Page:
Centre for Internet & Society

Apply electronic toll collection systems to roads, and adapt road network concepts in organizing and managing communications networks.

The article was published in the Business Standard on February 3, 2016 and also mirrored on Organizing India BlogSpot on February 4, 2016.

The productivity bottled up in assets in this country is mind boggling. The catch is that to be unleashed, the systems in which these assets are embedded must function effectively.

Take the road network. A study of Delhi-Mumbai truck traffic by Indian Institute of Management, Calcutta (IIM-C) and Transport Corporation of India in 2012 reported an average speed of just over 21 km per hour. Of 18 stops, 16 were to pay tolls manually with average delays of 10 minutes, constituting 80 per cent of total stoppage time. The study estimated that delays cost the economy Rs 27,000 crore ($5.5 billion at the time), with the additional fuel consumption estimated at Rs 60,000 crore ($12 billion at the time).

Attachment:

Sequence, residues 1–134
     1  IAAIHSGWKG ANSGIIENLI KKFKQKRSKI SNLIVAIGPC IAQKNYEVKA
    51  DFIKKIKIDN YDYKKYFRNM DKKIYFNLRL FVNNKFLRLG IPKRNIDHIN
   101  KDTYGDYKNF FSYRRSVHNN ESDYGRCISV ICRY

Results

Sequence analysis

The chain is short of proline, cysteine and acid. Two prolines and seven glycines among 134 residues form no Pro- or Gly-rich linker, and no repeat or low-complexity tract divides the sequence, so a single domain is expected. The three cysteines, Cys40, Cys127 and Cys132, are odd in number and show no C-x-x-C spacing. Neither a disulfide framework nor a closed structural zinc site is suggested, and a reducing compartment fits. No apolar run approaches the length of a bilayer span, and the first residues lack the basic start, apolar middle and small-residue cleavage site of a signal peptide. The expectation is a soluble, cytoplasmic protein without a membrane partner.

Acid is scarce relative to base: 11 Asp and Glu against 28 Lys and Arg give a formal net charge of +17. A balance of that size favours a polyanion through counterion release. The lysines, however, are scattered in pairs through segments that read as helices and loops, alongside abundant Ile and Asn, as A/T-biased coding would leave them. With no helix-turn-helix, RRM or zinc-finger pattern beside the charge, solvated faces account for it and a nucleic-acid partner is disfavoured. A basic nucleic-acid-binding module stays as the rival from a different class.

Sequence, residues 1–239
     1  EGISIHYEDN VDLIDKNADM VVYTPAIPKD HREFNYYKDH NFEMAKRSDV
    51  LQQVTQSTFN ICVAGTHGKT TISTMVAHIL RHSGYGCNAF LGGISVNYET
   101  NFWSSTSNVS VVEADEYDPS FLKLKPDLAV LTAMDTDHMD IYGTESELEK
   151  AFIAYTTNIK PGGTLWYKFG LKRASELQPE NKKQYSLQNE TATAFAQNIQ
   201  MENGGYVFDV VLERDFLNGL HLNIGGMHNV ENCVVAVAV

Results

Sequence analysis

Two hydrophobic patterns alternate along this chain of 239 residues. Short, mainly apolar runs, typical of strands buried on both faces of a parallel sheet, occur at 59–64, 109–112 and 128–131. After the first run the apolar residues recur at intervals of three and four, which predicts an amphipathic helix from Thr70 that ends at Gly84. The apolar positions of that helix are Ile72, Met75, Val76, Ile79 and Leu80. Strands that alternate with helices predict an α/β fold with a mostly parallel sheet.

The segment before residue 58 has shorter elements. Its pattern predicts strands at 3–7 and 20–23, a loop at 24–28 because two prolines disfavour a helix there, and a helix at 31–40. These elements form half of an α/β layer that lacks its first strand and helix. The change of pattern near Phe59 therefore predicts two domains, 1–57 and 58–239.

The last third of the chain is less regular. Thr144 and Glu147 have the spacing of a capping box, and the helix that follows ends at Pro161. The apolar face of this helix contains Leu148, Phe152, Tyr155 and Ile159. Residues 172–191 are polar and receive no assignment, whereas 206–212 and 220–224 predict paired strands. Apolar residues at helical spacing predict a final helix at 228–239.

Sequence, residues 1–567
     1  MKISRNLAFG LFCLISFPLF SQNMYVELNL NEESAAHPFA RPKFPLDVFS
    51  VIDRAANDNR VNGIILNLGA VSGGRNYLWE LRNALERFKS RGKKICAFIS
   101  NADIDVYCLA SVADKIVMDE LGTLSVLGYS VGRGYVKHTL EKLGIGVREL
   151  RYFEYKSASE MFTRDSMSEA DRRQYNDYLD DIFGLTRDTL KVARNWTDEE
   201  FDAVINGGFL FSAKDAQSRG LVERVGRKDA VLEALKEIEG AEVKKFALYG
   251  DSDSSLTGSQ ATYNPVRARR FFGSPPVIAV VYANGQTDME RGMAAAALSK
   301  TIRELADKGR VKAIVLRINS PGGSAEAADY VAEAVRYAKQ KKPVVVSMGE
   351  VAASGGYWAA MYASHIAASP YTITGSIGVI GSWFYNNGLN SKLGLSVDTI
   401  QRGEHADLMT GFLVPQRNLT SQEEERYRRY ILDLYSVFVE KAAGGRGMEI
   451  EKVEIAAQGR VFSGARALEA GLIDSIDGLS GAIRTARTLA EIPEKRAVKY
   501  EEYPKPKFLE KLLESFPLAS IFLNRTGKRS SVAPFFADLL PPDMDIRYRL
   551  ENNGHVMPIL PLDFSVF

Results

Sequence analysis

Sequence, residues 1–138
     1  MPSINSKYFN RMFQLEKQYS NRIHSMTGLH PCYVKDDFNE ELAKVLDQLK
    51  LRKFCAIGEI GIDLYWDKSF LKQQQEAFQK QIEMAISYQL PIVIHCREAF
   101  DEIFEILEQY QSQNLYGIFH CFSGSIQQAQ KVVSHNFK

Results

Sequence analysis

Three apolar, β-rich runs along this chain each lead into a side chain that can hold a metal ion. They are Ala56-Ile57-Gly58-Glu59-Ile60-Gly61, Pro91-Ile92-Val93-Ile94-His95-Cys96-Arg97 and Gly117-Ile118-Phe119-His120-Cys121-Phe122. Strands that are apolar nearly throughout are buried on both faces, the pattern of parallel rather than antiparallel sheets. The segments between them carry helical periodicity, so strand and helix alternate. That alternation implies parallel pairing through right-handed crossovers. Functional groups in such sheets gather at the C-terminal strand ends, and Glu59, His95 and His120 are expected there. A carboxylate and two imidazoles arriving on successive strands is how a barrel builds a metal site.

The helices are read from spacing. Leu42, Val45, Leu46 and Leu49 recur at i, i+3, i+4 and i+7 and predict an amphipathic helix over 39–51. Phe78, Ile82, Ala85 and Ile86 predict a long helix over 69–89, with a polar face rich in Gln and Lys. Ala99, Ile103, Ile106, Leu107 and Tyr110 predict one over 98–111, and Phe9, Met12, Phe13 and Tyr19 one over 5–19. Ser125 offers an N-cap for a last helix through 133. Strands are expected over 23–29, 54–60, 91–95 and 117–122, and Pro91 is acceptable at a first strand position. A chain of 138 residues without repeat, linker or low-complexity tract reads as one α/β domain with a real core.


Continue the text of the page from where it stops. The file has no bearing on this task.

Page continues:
The Indian Highways Management Company Limited, set up in 2012, was tasked with implementing electronic toll collection (ETC) systems. It began with ICICI Bank, then added Axis Bank. ETC was introduced on the Delhi-Mumbai expressway in 2014. A dedicated ETC lane across the country was to have been completed by 2014, then 2015; perhaps it will be ready in some months. But, for full efficiency gains, the entire traffic flow needs ETC, not just a small segment. Also, anomalies such as the unwillingness of sections of the populace to pay tolls, or for political parties to exploit these tendencies, will need to be "sorted out". In effect, similar criteria will operate as in electricity distribution networks: Users must either pay for services - directly or with the help of subsidies, or forego infrastructure services of reasonable quality. If there is no enforcement of rules (quality service-supply and payment-collection), there will be a shoddy mess.

The underlying expressways already exist, but installing these systems require effort and investment. Imagine the productivity gains and reduced pollution if vehicles going through over 370 toll plazas in India don't have to stop, wait for 10 minutes on average to pay tolls, then accelerate back to cruising speed.

Inter-City Road Network Organisation